Hi @may20-cohort — thanks to those of you who could make it yesterday! We had a very good session about review and feedback, with some thoughtful discussions about inclusive review processes. Take a look at the recap below.
Questions and Discussion
@poritzj shared his perspective on the general impression of peer review of commercial textbooks versus OER. We should be more vocal and deliberately highlight when our OER has gone through different kinds of review!
- Jonathan also cautioned about whether anonymous review is really completely anonymous — since in the scholarly publishing world, it’s possible to zero in on the identity of authors based on topic, method, keywords, etc. Does this vary with OER?
@mbranson asked about implicit bias and reviewers, which is a concern in the Math field. How can this bias be reduced or removed? Bias can present itself along many lines - race, ethnicity, gender, institution, language, other social/cultural lines. I’ve compiled a list of some of the resources that I’ve come across that explore the issue of bias and peer review (particularly):
Leveraging anonymous review, removing author identifying details from content, training your reviewers, providing etiquette instructions in the review guide proved most common suggestions. Resources may also contain links to other studies on this topic, which you may be interested in further reading.
Chat Transcript and Resources
Most of the discussion took place during the call rather than in the chat. I’ve saved the transcript, and this was what was shared:
Feedback and review is a chance for you to share your book with subject experts and ensure that the content is appropriate, accurate, and adequately covers the material. Collaborators will read through content and provide critical suggestions to improve the resource for its intended audience. The presence of review on your OER signals to a prospective adopter that the work has passed through rigorous quality control, and that its content is suitable for use in the classroom. In so doing, it acts as good advertising for the efficacy of your resource.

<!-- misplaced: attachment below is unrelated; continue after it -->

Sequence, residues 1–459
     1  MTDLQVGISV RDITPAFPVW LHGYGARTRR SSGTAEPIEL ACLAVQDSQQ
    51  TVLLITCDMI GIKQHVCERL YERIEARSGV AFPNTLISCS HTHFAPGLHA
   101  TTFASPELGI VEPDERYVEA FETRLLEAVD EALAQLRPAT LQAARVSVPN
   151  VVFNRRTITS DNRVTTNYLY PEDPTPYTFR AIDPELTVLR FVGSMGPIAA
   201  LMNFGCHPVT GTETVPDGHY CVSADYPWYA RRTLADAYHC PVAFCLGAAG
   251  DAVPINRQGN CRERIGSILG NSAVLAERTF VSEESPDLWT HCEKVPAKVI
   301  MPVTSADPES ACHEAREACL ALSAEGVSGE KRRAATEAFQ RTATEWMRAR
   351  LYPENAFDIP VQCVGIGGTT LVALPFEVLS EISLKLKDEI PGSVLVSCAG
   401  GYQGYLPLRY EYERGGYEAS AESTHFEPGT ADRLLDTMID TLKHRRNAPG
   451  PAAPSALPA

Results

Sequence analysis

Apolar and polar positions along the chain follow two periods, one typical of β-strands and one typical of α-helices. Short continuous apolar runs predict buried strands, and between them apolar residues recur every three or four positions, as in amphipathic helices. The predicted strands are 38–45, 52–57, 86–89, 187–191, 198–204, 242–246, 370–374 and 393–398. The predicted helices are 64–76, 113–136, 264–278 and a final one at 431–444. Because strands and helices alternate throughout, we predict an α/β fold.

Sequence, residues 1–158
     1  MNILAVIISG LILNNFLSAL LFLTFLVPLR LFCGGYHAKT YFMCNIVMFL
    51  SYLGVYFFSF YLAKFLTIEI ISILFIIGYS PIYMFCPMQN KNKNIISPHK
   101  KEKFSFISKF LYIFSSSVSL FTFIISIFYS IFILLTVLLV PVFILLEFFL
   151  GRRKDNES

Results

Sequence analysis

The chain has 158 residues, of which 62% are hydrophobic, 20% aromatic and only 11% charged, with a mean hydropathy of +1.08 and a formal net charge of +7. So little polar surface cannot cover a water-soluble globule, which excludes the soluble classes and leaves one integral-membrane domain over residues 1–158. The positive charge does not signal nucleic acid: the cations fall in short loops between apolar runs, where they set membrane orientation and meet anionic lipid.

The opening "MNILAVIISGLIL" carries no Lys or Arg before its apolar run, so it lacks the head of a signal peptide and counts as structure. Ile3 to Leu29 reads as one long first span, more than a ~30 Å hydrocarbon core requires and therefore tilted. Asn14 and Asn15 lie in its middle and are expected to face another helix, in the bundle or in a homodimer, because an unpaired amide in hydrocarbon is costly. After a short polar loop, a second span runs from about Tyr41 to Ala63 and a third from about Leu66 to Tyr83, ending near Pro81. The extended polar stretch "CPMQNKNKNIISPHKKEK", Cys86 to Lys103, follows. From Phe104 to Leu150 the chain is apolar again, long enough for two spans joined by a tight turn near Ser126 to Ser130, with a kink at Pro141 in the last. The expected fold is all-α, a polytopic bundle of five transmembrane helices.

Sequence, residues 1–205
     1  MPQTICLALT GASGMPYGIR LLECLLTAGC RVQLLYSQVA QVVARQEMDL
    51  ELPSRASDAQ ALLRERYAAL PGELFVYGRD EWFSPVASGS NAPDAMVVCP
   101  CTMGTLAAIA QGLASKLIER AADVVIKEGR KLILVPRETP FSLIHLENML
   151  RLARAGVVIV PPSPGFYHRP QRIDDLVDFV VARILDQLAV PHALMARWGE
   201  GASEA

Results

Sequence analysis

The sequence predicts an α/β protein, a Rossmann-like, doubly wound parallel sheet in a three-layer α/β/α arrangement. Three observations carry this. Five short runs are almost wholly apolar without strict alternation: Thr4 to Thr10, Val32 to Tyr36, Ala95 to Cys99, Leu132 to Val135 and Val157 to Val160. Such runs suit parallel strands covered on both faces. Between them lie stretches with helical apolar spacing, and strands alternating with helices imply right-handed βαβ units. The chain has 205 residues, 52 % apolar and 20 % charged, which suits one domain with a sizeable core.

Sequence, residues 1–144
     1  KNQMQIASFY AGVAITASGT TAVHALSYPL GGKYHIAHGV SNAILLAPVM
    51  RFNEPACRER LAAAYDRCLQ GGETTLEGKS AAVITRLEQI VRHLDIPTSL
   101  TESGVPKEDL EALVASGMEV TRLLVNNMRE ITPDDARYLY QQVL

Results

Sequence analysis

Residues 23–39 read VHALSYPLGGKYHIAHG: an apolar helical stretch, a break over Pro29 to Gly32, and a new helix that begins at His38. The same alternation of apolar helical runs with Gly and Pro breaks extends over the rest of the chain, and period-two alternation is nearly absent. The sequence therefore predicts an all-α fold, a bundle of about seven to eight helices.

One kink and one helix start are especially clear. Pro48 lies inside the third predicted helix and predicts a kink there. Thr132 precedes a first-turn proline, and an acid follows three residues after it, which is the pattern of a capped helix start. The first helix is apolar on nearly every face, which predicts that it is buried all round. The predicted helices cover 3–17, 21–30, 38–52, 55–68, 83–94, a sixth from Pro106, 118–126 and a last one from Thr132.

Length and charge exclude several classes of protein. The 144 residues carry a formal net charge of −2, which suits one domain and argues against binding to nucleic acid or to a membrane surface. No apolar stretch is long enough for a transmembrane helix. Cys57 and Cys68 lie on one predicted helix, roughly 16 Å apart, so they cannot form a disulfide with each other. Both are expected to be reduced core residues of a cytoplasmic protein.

We’ve identified different types of review processes that can be carried out on your book:
- Peer review (pre-publication): It is conducted by subject-matter experts and is a common marker that ensures quality of educational content. It can be a prerequisite for adoption or even submission to repositories. We group peer review into anonymous (most traditional, has prestige value to some groups), non-anonymous (lets you credit reviewers and set up a dialogue with authors, and open (most transparent & collaborative, letting others join in).
- Accessibility review: All creators should ideally find an accessibility practitioner to conduct a set of final checks on the books to see what accessibility standards are met, and to identify areas for improvement.
- Classroom review: Think of this as a trial run of your resource in the classroom setting, and an opportunity to include student voices in the publishing process. Feedback can be gathered both from the instructor using the book to teach as well as the students using the book to learn.
- Feedback via project discussion: All resources should contain a pathway for anyone to provide feedback about the book. These openings may even help recruit other collaborators to work on revisions and other post-publication tasks.
- Post-publication review: These can be collected in repositories, journals, from adopters, and are important to show that the book is being used and having an impact. They are also extremely helpful to promote further improvement of the book and more adoptions, especially if posted on a public site.
With each type of review, you should adequately prepare for the process prior to recruiting reviewers. Collaborate with your existing team to confirm what you would like to get out of each type of review. Once you have your reviewers confirmed, managing the process is fairly straightforward. The review process doesn’t end once reviewers hand in their feedback — we suggest you thank reviewers and keep them engaged and enthusiastic about the resource (take a look at the slides for more details). At heart, review is about bringing more hands on deck to invest in your resource and help it grow with their feedback and input.